‘My little girl’s life is dominated by hospital stays and treatment – she’s a warrior’

Being told your child has a rare and life-threatening cancer is a parent’s worst nightmare. And that’s exactly how it felt to Gemma Harris, 34, and her husband Rikki, 35, in 2021 when their eight-year-old daughter Freya was diagnosed with Wilms’ tumour, a rare kidney cancer that is diagnosed in around 80 children in the UK are each year.

After Freya won this year’s Pride Of Britain Child of Courage Award, Gemma tells us, “I’ve found a strength in myself that I never imagined was there.”

Gemma lives in Horncastle, Lincolnshire, and says, “She had quite a few symptoms, like a sore belly, she was being sick quite a lot and she’d lost her appetite. She’s normally an energetic, outdoorsy child but was very lethargic. She also had a lump in her belly.”

The family was moving house at the time and doctors thought Freya’s symptoms could be stress-induced constipation.

“It took three or four A&E visits until someone decided to refer us,” says Gemma. “A scan was done and quite quickly everything changed. It went from maybe nothing serious to something very serious in a very short space of time and nothing can prepare you for that.”

In hospital Freya had a Hickman line inserted to introduce antibiotics directly into her bloodstream. She also had a kidney, and lung and kidney tumours, removed and underwent biopsies and abdominal drains.

However, she is just like any other little girl and couldn’t wait to meet Ant and Dec at the awards. She loves to play with Squishmallow toys, but is happiest spending time with her Australian Shepherd puppy, Echo.

Freya and Echo entered Crufts this year – and took second place.

“Crufts was one of the top experiences of my life, let alone her life,” Gemma says. “It was one of her dreams for at least four years, so to get there within a couple of months of training was a bit of a shock.”

Freya beamed as she walked across the green carpet alongside her furry companion. Gemma admits, “It was like our hearts were exploding out of our chest, and seeing Freya cry with happiness. Everything’s just a whirlwind of emotion for us right now.”

She adds that Freya and Echo have qualified for next year’s Crufts too, but for now, the family is enjoying a little relief between scans and treatments, and enjoying what Gemma describes as a “taste of normality”.

Freya’s tummy tubes, which she refers to as her wigglies, have been removed because of an infection. But this does mean she can enjoy going in the sea, which she’s been wanting to do for a long time.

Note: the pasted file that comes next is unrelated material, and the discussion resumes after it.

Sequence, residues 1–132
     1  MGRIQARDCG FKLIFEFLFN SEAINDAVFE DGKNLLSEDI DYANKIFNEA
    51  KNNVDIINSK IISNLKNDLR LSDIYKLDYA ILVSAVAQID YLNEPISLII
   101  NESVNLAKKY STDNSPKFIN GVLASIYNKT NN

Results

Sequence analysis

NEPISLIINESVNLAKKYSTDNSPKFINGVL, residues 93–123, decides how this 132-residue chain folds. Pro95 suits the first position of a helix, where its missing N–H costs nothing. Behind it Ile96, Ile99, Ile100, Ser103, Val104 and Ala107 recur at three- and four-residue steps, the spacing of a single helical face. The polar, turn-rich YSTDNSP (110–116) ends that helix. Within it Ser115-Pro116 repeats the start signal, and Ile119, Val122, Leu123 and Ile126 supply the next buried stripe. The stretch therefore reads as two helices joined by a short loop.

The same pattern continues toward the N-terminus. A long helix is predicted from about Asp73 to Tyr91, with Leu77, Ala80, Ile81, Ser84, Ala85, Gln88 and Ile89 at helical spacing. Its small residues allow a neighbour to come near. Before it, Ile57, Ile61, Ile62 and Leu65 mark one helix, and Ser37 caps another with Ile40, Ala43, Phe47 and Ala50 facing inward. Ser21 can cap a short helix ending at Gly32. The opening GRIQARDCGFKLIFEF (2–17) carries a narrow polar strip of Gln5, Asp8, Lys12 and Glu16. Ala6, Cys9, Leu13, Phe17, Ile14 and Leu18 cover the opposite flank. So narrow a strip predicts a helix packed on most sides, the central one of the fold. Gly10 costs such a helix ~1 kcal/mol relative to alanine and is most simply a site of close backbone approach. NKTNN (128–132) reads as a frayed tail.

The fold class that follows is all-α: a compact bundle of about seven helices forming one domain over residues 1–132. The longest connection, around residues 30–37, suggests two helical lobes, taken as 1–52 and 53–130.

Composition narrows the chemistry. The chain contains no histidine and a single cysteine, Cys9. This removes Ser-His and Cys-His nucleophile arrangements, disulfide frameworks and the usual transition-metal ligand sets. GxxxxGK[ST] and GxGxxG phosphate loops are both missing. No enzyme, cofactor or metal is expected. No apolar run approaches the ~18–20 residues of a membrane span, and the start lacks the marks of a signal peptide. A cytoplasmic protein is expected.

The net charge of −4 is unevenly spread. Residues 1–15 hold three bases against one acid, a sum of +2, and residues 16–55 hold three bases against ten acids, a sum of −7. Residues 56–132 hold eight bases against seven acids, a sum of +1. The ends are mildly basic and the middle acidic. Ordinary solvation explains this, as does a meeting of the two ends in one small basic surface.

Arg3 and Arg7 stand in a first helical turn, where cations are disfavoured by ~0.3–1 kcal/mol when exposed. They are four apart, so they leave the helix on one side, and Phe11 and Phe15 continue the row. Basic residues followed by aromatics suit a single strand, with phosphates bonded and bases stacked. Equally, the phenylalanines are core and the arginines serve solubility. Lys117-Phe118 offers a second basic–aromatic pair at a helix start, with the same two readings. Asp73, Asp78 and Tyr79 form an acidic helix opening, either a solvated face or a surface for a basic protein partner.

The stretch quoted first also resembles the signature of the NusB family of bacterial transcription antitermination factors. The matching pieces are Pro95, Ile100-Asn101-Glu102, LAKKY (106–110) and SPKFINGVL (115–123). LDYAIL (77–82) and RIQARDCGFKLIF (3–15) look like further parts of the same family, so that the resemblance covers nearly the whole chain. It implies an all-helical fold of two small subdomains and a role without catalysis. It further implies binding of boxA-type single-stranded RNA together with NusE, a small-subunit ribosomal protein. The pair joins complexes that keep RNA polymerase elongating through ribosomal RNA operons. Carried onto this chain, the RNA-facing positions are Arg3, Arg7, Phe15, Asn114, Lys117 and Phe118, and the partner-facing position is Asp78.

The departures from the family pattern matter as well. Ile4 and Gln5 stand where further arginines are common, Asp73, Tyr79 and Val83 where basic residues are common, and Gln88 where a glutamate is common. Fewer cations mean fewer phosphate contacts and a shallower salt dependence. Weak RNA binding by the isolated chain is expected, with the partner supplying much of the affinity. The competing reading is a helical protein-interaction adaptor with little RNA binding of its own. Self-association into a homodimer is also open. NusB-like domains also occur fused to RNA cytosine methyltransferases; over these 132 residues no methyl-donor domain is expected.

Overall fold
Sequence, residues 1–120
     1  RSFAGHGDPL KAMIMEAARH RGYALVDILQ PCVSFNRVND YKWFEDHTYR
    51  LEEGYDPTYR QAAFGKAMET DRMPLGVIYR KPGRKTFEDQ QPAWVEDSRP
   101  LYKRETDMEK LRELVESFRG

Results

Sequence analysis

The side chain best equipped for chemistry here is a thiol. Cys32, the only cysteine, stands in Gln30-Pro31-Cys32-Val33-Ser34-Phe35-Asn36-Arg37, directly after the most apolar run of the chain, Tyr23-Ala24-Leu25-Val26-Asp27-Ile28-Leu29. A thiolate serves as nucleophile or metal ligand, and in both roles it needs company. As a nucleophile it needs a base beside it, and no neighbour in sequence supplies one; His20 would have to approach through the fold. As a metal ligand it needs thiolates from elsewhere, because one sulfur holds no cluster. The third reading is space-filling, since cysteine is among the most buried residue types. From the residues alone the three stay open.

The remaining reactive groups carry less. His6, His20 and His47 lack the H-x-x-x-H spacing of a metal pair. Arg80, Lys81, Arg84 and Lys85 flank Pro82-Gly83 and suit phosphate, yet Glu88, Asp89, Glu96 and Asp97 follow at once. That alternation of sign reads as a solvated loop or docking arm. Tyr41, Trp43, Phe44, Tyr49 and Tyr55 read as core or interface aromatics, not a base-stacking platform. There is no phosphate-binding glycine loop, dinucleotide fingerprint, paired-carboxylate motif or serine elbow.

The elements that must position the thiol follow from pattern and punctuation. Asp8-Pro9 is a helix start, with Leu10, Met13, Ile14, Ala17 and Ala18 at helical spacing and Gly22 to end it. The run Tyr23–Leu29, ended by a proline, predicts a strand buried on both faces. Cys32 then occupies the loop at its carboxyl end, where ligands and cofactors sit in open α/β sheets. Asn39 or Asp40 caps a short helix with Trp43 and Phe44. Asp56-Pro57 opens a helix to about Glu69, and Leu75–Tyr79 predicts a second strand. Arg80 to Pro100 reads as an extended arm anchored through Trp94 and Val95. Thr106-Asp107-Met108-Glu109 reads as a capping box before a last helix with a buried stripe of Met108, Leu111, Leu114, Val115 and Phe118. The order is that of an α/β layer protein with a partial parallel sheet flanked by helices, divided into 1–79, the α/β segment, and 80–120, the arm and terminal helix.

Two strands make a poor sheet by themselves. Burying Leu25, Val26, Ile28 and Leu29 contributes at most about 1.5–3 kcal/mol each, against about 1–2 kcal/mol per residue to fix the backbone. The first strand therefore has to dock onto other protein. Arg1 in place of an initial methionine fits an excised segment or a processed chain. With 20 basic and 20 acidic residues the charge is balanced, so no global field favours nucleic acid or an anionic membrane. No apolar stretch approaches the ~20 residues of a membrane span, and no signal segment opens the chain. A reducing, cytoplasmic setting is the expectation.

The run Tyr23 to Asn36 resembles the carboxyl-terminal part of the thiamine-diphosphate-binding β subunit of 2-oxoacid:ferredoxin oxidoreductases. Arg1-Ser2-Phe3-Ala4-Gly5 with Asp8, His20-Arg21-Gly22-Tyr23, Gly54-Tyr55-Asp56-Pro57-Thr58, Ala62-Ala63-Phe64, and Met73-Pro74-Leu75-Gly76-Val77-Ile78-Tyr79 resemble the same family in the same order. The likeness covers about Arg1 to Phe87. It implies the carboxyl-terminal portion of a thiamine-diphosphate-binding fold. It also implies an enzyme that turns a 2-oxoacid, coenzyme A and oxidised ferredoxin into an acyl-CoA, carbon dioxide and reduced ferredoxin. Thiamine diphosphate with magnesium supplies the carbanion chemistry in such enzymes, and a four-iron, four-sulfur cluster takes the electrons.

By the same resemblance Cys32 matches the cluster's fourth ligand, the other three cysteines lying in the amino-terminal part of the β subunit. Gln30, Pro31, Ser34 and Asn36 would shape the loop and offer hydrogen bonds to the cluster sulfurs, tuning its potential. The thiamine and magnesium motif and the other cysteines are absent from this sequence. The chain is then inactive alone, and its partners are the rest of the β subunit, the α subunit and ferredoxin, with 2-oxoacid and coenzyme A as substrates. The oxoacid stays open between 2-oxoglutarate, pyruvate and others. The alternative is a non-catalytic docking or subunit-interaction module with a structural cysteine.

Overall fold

It’s a far cry from the chemotherapy treatment that started on Christmas Eve, 2021. “Not the present you want for your little girl, but looking on the bright side of something so horrific, I guess it was the beginning of her journey to feeling better,” says Gemma.

She says Freya is very resilient and understood that the doctors were putting the bad stuff in so she would eventually feel better.

Because of Covid restrictions, Gemma couldn’t be with Freya for her initial diagnosis or during many of her treatments, but she took turns at Freya’s side with her husband Rikki.

She confesses, “I had an emotional breakdown at home alone while Freya’s dad was with her. I had lots of screams into the pillow and then had to carry on and act normal for the other children.”

Freya’s seven-year-old brother Lukas and one-year-old sister Arwen helped brighten her up when she suffered from the hospital blues.

Now, though, the family is holding on to hope after learning that lumps remain on Freya’s lungs, but scans this month will determine whether they are cancerous.

In the meantime, Freya, her mum and nanny had a special night out at this year’s Pride of Britain Awards at London’s Grosvenor House hotel.

An emotional Gemma says, “We thought the craziness of Crufts had finished – then we had a telephone call telling us about the Pride of Britain nomination.

“For other people to see how amazing she is and recognise that and want to bring awareness to her sort of situation is out of this world.

“You just don’t expect things like this for your own children,” she adds. “I’m always proud of her, but to have something like this
is the icing on the cake. It’s just one of those once- in-a-lifetime experiences. I knew if she won she’d have an internal breakdown.”

Gemma says the entire family “all had to find inner strength and support” and that holding on to normality is sometimes the only thing that keeps them going.

“Tomorrow is never guaranteed so we just try to embrace each moment,” she says.

“I want to see Freya live her life and grow old. Our daughter is a warrior and such a down-to-earth normal little child. I’m just so glad this whole horrible experience hasn’t taken that part away from her.”

Pride Of Britain Awards With TSB, Thursday 12 October, 8pm, ITV1

    Source: Read Full Article